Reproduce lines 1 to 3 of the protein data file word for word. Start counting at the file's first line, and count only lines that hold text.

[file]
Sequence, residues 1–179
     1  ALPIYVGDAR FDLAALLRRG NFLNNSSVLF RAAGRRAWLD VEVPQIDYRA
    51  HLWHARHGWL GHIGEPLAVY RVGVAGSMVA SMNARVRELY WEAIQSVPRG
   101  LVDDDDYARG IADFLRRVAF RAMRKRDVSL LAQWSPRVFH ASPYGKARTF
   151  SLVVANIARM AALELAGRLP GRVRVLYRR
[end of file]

Sequence, residues 1–179
     1  ALPIYVGDAR FDLAALLRRG NFLNNSSVLF RAAGRRAWLD VEVPQIDYRA
    51  HLWHARHGWL GHIGEPLAVY RVGVAGSMVA SMNARVRELY WEAIQSVPRG